There are many forms of cat perches, including cat trees, cat shelving, or other objects on which your cat can climb or jump. Consider placing a cat bed, blanket, or towel on the perch for your cat’s comfort. Placing a perch near a window will allow your cat to survey the outdoors, which many cats find entertaining. Again, there should be ample perches for all cats in the home. If you have multiple cats, don’t expect them to share.
5. Establish a Scratching Area
Scratching surfaces are important for your cat’s health and well-being. Deny your cat a scratching post or scratching area and you deny your cat the ability to mark his territory as he prefers. This, in turn, may result in stress and even anxiety. Your cat may even choose his own scratching area — like your furniture or carpeting — which will annoy you and create a more stressful environment for your cat.
Provide your cat with both vertical and horizontal scratching surfaces. Make sure there is at least one scratching post/surface for each cat in your home. Additional scratching surfaces cannot do any harm and may be appreciated.
6. Set Up Hiding Places
Your cat requires a private place where he can retreat to feel safe when overwhelmed or threatened. Failing to provide such a place will add stress and anxiety to your cat’s life. Hiding places can be a box or even a carrier in which your cat can seek shelter.
In a multi-cat household, blocking the line of sight between cats with a solid barrier can be useful, especially when one cat tends to bully or aggravate the other.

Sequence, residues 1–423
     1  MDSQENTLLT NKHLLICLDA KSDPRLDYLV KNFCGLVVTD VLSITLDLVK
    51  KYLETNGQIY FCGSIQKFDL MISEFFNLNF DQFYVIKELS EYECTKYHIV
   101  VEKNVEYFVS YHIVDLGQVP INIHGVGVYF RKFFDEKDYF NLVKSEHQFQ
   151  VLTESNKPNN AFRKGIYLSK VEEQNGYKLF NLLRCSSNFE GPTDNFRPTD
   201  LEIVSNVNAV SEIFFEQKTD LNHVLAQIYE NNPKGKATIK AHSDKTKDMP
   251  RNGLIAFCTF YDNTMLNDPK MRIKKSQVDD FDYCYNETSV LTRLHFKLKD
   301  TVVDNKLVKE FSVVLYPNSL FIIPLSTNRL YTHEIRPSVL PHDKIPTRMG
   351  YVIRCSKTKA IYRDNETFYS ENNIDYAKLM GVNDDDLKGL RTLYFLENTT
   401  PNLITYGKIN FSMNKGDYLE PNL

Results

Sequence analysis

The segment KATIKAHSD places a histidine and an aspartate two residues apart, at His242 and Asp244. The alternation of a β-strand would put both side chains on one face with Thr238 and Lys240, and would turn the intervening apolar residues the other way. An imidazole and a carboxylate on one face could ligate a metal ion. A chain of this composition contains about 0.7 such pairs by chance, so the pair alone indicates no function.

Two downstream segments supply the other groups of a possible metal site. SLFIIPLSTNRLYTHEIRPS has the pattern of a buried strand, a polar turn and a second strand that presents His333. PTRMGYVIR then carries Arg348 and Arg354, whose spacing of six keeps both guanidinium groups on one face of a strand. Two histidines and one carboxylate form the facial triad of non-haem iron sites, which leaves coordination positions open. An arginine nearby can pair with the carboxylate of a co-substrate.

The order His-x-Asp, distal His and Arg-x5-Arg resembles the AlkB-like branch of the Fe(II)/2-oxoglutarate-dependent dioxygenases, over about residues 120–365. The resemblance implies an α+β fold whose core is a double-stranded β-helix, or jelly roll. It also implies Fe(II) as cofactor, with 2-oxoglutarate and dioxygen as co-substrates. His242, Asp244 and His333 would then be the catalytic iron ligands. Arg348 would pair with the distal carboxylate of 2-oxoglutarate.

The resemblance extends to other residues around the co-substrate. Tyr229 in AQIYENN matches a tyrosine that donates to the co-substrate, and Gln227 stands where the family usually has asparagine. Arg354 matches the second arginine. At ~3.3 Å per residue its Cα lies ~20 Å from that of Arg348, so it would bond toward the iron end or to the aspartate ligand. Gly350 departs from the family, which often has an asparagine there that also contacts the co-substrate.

7. Play with Your Cat Regularly
Keep your cat’s mind stimulated and help reduce stress with exercise and interactive games. There are many types of toys available, so experiment and find out what type of toy your cat likes best. Some cats prefer toys with feathers that mimic a bird, while others prefer those that more closely resemble a mouse or small rodent. Laser pointers can be entertaining for some cats as well.
Spend at least 20-30 minutes a couple of times a day actively engaging your cat in play. Your cat will appreciate the time with you, get more exercise (helping to keep him fit), and be less anxious.
8. Don't Forget the Cuddle Time
Attention from their owners is something that most cats enjoy. Spending some time with your cat on a daily basis, whether it is cuddling or some other activity, can also be a great stress reducer for most cats. This time will also allow you the time to observe your cat’s behavior for any changes.
9. Avoid Sudden Changes in Environment
Cats typically do not care for change. In fact, changes in environment or routine can be quite stressful for your cat. Trying to keep changes to a minimum in your cat’s environment and keeping your cat’s daily routine constant can be useful in preventing or alleviating stress and anxiety.
10. Consider Stress-Reducing Products
Consult your veterinarian to see if pheromone products, which work chemically to relieve stress and calm anxiety, would benefit your cat.